As I have said before in this space, the “post-evangelical wilderness” is not some fanciful construct created by young punk bloggers living in their parents’ basements with nothing better to do with their lives than sit around in front of a computer screen all day and write whatever strikes their fancy. It is a real place, inhabited by real people with real stories. It is a space where we are, to borrow a quote from Rachel Held Evans which I have used before, “caught between who we once were and who we will be, the ghosts of past certainties gripping at our ankles”.

In all probability, Harris did not come lightly to his decision to leave the Christian faith.  This decision, and the journey leading up to it, were in all probability fraught with much grief from the loss of certainties he had held for much of his prior life, finding himself a complete stranger to himself because of all the changes happening inside, and living in that strange space between who he once was and who he is becoming.  When this author responds by issuing cheap soundbites about “how casually [Harris] has thrown away the preciousness of the Gospel”, it does a grave disservice.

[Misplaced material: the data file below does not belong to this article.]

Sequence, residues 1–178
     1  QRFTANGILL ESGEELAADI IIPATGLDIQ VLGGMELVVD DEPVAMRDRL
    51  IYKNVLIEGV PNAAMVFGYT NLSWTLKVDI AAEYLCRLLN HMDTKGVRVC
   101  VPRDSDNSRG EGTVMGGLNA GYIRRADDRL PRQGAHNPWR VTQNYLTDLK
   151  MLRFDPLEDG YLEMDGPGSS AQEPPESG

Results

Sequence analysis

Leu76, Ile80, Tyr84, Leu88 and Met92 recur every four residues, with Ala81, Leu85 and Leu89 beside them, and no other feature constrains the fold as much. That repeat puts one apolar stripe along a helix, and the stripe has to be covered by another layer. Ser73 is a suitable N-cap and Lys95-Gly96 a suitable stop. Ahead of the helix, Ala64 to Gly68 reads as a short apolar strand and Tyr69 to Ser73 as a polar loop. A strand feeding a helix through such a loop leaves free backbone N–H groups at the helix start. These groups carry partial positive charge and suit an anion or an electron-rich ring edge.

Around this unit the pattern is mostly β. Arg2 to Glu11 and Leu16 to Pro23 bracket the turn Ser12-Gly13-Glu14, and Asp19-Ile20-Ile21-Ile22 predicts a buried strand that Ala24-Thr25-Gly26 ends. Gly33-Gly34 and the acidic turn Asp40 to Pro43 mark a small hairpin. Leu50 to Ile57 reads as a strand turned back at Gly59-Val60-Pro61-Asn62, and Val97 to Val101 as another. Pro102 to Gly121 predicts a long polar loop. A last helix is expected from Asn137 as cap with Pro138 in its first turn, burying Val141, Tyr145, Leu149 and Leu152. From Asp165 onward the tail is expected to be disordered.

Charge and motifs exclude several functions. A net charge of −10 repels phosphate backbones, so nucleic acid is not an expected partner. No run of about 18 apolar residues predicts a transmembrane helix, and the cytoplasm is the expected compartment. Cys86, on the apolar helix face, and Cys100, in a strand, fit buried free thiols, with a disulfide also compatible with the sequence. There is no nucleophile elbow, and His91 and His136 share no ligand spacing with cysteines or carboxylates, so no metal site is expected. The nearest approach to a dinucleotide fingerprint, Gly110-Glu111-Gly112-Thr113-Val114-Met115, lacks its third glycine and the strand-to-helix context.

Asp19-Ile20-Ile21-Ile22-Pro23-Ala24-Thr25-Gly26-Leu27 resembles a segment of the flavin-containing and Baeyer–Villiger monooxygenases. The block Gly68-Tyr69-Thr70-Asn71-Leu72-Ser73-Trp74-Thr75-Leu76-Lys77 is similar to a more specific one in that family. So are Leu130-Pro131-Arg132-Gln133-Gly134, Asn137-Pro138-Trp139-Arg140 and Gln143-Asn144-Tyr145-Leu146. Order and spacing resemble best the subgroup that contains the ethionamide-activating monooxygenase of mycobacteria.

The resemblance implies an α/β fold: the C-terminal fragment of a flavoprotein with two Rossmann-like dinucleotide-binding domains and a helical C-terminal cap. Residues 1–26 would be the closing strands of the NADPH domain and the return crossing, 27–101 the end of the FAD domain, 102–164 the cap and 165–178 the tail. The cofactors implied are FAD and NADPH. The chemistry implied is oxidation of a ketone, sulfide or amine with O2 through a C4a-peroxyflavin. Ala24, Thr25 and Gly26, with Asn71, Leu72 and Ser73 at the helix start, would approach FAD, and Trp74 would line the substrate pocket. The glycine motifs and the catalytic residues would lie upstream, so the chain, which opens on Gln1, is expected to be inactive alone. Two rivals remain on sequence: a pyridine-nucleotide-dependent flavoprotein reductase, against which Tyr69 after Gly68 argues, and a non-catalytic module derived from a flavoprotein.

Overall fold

Wayne Grudem on Biblical Inspiration

Frequently around these parts I have opined that the standard evangelical view of inspiration/inerrancy is much more at home in Islam or Mormonism than in anything remotely resembling biblical Christianity.  Now I am a blogger and as such it is part and parcel of my unique calling to pull things out of thin air and make things up on the fly.  But I am not making this up.  I wish I was, but I am not.  Today I give you none other than American evangelicalism’s Dean of Systematic Theology (and lately turned political hack) himself:  Dr. Wayne Grudem.  Take a listen and judge for yourselves.

This is an expression of the standard evangelical view of biblical inspiration, par excellence.  Grudem’s take can best be described as a “binder theory“:  God gave us an open 3-ring binder.  As the writings which make up our Bible came down the pipe, we received them, accepted them unquestioningly, and dutifully placed them in the waiting binder.  When the last of these writings was received, the binder was closed, snapped shut, sealed, in perpetuity, for ever and ever, world without end, amen.